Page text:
What is impetigo?
Impetigo (im-pa-TIE-go) is an itchy, sometimes painful, skin infection.
Who gets impetigo?
Impetigo usually happens to children between ages 2 and 6. Older children and adults can also get it.
You may also be at higher risk if you:
- Live in a tropical climate, with hot, humid summers and mild winters.
- Have a scabies infection.
- Do activities or sports where cuts and scrapes are common.
- Live in close contact or crowded situations. Infections often happen to people living in the same house or children in day care.
How does someone get impetigo?
When you get a cut, bite or scratch that opens the skin, bacteria can enter and cause an impetigo infection. But impetigo can infect the skin even if it’s not broken or punctured.
Impetigo happens more often in warmer months when children are outside more.
Where does impetigo occur?
Typically, the first signs of impetigo are sores and blisters on the mouth and nose. Impetigo can also appear on the legs and arms.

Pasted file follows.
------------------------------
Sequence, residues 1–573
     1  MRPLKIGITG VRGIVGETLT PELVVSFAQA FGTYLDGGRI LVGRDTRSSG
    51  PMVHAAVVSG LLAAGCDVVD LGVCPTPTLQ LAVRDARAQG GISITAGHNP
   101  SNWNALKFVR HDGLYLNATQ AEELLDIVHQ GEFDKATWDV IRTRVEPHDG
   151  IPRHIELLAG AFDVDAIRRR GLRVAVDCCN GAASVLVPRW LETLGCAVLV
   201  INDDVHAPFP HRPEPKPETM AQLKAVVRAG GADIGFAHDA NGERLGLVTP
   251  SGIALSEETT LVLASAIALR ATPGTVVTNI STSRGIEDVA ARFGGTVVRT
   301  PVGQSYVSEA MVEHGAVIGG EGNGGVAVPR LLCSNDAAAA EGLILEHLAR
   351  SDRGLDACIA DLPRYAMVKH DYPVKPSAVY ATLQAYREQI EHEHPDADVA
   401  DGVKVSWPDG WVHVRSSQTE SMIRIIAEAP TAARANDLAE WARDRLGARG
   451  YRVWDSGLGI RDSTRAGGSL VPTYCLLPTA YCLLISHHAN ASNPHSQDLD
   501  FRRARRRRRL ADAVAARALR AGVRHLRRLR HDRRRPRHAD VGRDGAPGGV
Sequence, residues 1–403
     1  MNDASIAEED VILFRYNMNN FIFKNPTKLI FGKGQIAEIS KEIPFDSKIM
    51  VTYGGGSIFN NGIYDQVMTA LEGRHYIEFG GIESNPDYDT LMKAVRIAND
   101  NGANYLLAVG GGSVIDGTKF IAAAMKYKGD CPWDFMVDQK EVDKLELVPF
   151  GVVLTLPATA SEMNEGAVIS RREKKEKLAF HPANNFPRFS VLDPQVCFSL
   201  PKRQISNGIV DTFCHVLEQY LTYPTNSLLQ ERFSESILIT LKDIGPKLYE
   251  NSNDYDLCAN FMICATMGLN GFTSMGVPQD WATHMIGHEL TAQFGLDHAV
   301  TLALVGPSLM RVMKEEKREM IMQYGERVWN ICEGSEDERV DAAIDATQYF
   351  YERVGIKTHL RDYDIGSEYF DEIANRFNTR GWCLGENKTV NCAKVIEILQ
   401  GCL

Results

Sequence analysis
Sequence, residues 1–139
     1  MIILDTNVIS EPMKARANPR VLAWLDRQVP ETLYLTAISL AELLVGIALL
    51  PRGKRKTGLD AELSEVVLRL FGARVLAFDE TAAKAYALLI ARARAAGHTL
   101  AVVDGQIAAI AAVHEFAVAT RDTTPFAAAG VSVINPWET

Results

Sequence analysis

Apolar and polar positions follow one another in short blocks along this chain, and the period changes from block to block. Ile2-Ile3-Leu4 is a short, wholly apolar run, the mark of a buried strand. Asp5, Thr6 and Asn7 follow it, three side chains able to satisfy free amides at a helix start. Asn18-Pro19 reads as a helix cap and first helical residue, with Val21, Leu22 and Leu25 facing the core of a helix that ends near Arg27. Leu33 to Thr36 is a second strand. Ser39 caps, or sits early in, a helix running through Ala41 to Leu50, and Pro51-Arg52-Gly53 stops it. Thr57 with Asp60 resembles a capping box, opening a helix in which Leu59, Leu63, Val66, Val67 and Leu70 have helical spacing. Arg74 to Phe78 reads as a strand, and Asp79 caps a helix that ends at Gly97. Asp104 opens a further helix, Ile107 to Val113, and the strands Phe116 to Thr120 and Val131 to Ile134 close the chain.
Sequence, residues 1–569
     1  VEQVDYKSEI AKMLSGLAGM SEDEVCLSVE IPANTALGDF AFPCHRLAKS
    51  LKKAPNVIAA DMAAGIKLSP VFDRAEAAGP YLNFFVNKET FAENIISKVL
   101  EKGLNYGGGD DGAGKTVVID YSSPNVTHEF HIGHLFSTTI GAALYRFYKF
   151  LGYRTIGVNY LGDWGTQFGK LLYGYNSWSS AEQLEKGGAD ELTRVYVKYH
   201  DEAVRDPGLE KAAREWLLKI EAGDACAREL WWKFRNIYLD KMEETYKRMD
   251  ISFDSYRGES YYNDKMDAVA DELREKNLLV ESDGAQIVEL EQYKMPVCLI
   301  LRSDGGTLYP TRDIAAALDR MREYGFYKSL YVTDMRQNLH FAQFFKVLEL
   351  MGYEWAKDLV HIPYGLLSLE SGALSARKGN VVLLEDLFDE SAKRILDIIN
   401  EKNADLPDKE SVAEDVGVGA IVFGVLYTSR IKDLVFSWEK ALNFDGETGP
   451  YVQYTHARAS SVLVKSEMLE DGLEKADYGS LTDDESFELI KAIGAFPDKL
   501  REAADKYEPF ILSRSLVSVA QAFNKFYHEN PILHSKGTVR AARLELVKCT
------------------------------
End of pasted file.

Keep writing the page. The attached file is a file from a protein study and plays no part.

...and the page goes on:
What is bullous impetigo?
Bullous impetigo is a rare type of impetigo. It has larger blisters that don’t break open as easily. It often appears on the neck, torso, armpits or groin.
How common is impetigo?
Impetigo is the most common skin infection in kids ages 2 to 5. It happens much less in adults. Every year, Staphylococcus aureus, the bacteria that causes impetigo, causes 11 million skin and soft tissue infections.
Symptoms and Causes
What causes impetigo?
The main cause of impetigo is a bacterial infection. The bacteria usually enters the skin through a cut, scrape, rash or insect bite.
Most of the time, the cause is the Staphylococcus aureus (“staph” bacteria). Sometimes, group A Streptococcus bacteria can cause it. This type of bacteria also leads to strep throat and fever.
Certain strains of strep bacteria that cause impetigo can also cause glomerulonephritis. This inflammatory kidney disease can produce high blood pressure and blood in the urine.
Is impetigo contagious?
Impetigo is mild but highly contagious. You can spread impetigo by coming into contact with the sores or mucus or nasal discharge from someone who has it. People can also spread impetigo by sharing items such as towels, clothing or other personal items with someone who’s infected.
When do impetigo symptoms start?
Typically, once the infection happens, symptoms occur within three days. Scratching the sores can spread the infection. Symptoms first start around the mouth and nose.
What are the symptoms of impetigo?